Like

  37. “in modern, large-scale societies, government executives are full time. ”

    Who’s saying there shouldn’t be full-time employees of the executive branch? Certainly seems like a good idea to me. But it’s up to the allotted assembly to invite them, evaluate them, choose them, give guidelines and restrictions on what they should do, and recall them if they think they don’t do as they’re told. Pretty much as employers do with employees in a private company.

    Also, similar to the way the legislative branch deals with the executive in many modern democracies (including Norway, where I live). It’s just parliamentarism. The necessity of an independent, powerful executive “balancing” the legislative was rejected in 1872 in Norway, by PM Johan Sverdrup who proclaimed “all power in this chamber” – referring to the legislative assembly. The executive’s job was and is solely to do as they were told by the people’s representatives. So long, Montesquieu.

    Like

  38. “It’s up to the allotted assembly to invite them, evaluate them, choose them, give guidelines and restrictions on what they should do, and recall them if they think they don’t do as they’re told. Pretty much as employers do with employees in a private company.”

    But public affairs is more akin to a public company who, by and large, use professional head-hunters. In addition to the issue of competence, this ensures that nepotism and corruption are minimised (highly likely in the case of an allotted assembly inviting candidates for the executive. Your proposal would be rather like a return to the eighteenth century.

    Given that, in my proposal, the legislature would have ultimate control of the executive, I’m genuinely puzzled by the visceral reaction that it has engendered. Yoram has laid his own cards clearly on the table, but I’m puzzled as to why you don’t think executive competence is an independent variable that is best judged by professionals with a proven track record in the field.

    The rhetoric of “all power to the chamber” sounds very nice but, as you know, this effectively concentrates all power in the hands of the prime minister. M.H. Hansen published an interesting piece last year in which he likened Rasmussen (the Danish PM at the time of the Iraq war) to a seventeenth-century absolute monarch. For this reason alone we would be unwise to reject Montesquieu.

    Like

  39. By the way, Richard Ward: I think the best we can do right now is talk about allotted decision-making of various sorts to people who haven’t heard of it, or have never heard of its advantages. It doesn’t have to be about politics: for instance, if people talk about hiring practices, we can talk about the advantages of choosing randomly or semi-randomly among qualified candidates. Get people used to the idea. I try to do this whenever it’s appropriate.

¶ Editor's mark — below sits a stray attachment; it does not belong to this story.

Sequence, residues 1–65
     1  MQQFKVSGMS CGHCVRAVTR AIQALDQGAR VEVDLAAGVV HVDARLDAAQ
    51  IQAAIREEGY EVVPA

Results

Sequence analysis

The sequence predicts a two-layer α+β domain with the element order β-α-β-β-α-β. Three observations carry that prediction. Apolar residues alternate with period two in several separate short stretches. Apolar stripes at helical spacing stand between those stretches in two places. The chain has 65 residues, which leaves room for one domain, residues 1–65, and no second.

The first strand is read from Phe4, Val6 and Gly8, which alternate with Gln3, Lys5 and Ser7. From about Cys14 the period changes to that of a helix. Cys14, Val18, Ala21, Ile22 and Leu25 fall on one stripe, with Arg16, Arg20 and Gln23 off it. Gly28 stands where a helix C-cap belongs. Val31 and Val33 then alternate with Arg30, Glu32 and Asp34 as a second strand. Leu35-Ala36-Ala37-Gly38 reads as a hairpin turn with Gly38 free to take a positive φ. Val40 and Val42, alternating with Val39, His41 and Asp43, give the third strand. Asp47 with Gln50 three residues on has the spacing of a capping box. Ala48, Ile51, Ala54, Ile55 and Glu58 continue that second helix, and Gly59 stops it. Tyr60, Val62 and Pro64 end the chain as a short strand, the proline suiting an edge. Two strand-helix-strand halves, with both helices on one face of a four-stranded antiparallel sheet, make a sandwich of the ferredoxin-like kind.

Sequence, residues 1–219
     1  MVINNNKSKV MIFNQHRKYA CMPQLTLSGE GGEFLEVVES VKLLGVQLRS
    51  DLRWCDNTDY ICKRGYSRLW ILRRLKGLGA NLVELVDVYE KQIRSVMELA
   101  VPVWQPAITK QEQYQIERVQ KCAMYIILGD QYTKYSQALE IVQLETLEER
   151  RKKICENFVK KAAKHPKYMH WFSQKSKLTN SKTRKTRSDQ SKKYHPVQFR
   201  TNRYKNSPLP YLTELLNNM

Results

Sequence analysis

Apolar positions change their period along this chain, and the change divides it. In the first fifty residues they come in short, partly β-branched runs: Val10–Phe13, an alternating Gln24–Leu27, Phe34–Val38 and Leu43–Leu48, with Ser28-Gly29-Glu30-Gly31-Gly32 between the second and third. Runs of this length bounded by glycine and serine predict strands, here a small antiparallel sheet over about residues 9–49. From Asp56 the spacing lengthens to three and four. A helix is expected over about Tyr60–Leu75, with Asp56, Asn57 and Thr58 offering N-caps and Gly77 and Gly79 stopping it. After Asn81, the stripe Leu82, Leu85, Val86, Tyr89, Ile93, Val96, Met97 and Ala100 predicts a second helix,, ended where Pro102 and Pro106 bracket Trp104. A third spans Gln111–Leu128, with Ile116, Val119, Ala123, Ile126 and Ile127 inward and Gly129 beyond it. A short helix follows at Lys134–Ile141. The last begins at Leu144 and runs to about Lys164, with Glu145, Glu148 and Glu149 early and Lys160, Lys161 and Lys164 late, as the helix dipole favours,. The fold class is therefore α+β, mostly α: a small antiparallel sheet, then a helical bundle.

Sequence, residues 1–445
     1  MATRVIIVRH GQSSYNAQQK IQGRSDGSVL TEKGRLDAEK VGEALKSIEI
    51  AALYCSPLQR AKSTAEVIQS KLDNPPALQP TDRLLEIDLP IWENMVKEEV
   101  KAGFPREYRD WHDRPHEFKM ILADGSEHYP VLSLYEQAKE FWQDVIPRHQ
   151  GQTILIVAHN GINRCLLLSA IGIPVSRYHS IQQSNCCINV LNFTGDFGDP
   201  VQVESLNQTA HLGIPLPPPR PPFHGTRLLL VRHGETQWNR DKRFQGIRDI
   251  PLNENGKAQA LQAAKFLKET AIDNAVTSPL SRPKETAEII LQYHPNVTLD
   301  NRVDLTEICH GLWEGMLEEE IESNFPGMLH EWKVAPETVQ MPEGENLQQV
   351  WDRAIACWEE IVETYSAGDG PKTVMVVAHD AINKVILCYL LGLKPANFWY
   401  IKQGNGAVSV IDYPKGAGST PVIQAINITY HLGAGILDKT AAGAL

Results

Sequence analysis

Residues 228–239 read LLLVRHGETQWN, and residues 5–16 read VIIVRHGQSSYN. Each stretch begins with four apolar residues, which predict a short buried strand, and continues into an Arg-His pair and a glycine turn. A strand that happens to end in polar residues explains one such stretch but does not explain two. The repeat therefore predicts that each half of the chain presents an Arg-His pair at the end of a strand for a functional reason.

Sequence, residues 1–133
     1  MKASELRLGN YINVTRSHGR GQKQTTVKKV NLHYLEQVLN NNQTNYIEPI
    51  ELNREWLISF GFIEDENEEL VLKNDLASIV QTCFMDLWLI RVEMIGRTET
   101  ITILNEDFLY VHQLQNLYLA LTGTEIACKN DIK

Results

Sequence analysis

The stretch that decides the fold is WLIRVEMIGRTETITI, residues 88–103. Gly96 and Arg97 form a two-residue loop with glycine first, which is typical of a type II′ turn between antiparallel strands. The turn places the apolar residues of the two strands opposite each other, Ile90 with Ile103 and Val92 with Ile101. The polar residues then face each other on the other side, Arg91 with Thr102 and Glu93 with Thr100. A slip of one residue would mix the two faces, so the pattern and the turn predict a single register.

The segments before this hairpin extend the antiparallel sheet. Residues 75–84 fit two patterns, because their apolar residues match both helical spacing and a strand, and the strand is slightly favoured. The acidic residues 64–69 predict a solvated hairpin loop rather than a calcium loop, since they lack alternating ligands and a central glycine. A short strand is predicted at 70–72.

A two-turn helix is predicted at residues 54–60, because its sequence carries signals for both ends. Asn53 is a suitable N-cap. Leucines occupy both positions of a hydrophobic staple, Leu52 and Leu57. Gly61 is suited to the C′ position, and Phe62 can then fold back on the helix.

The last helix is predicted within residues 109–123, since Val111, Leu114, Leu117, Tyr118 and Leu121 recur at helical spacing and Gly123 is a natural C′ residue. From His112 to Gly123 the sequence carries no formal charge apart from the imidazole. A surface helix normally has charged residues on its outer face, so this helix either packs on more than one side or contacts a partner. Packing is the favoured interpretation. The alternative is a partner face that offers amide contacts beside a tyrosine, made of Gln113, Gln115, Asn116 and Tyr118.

A more ambitious step, taking a good deal more resources, could be making a proof-of-concept application in some limited domain. Yoram Gat and I talked about a news aggregator (a la reddit, digg, metafilter, slashdot or kuro5hin) where the privilege of voting on a particular link was randomly allotted, but there hasn’t been time to realize anything yet.

    Like

  40. > I’m puzzled as to why you don’t think executive competence is an independent variable that is best judged by professionals with a proven track record in the field.

    I am not sure if it would be more polite to ascribe this question to obtuseness or mendacity.

    Let me write this for the seventy-seventh time: there is no objective way to decide who is a “competent executive”. I am quite sure that the same people that you consider “competent” I will consider as utterly incompetent or corrupt, and vice versa.

    Saying that competence will be “judged by professionals with a proven track record in the field” gets us nowhere since there is no objective way to decide who has a proven track record. Again, I am quite sure that the people whom you consider as having a successful track record I will consider has having a perfectly abysmal track record, and vice versa.

    Like

  41. Y: Let me write this for the seventy-seventh time: there is no objective way to decide who is a “competent executive”.

    Having spent my whole working life running commercial companies I would beg to differ. I’m saddened that you attribute my commonsense views to obtuseness or mendacity (but will refrain from replying in kind) so have no wish to continue this dialogue.

    Like

  42. > Having spent my whole working life running commercial companies I would beg to differ.

    Because everyone, or at least everyone that matters, always agrees with you as to who is competent. What remarkable and convenient unanimity.

    Like

Leave a Reply

Fill in your details below or click an icon to log in:

WordPress.com Logo

You are commenting using your WordPress.com account. Log Out / Change )

Twitter picture

You are commenting using your Twitter account. Log Out / Change )

Facebook photo

You are commenting using your Facebook account. Log Out / Change )

Google+ photo

You are commenting using your Google+ account. Log Out / Change )

Connecting to %s

%d bloggers like this: